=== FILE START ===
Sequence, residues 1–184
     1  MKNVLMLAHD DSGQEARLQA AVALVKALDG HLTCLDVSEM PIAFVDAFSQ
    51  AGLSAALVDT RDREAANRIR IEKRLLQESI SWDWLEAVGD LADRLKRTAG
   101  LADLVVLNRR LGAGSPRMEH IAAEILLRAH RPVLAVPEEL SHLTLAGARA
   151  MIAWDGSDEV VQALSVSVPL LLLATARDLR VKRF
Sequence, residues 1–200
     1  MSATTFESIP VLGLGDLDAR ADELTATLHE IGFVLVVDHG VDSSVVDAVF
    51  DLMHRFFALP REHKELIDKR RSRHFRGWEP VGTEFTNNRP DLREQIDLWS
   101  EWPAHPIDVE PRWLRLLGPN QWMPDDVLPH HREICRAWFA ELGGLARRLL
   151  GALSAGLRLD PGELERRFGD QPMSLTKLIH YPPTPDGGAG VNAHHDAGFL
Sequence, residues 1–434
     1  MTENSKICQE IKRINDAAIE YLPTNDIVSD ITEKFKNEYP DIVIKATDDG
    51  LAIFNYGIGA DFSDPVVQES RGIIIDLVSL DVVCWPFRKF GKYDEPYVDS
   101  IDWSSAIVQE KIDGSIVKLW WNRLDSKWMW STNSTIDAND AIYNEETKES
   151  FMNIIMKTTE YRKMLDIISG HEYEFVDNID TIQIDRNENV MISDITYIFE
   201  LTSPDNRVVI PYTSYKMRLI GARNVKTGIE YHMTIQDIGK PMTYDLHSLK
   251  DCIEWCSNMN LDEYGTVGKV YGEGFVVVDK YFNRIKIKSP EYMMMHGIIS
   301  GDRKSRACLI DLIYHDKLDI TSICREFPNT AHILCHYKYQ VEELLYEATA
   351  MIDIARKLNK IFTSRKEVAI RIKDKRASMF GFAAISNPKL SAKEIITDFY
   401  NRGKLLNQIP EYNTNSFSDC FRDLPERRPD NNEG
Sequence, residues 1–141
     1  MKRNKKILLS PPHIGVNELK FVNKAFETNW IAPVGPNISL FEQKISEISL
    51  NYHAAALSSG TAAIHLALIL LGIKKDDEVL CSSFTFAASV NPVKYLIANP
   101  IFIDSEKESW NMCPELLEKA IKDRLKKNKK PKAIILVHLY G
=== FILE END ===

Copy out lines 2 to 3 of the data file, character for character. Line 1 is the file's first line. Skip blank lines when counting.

     1  MKNVLMLAHD DSGQEARLQA AVALVKALDG HLTCLDVSEM PIAFVDAFSQ
    51  AGLSAALVDT RDREAANRIR IEKRLLQESI SWDWLEAVGD LADRLKRTAG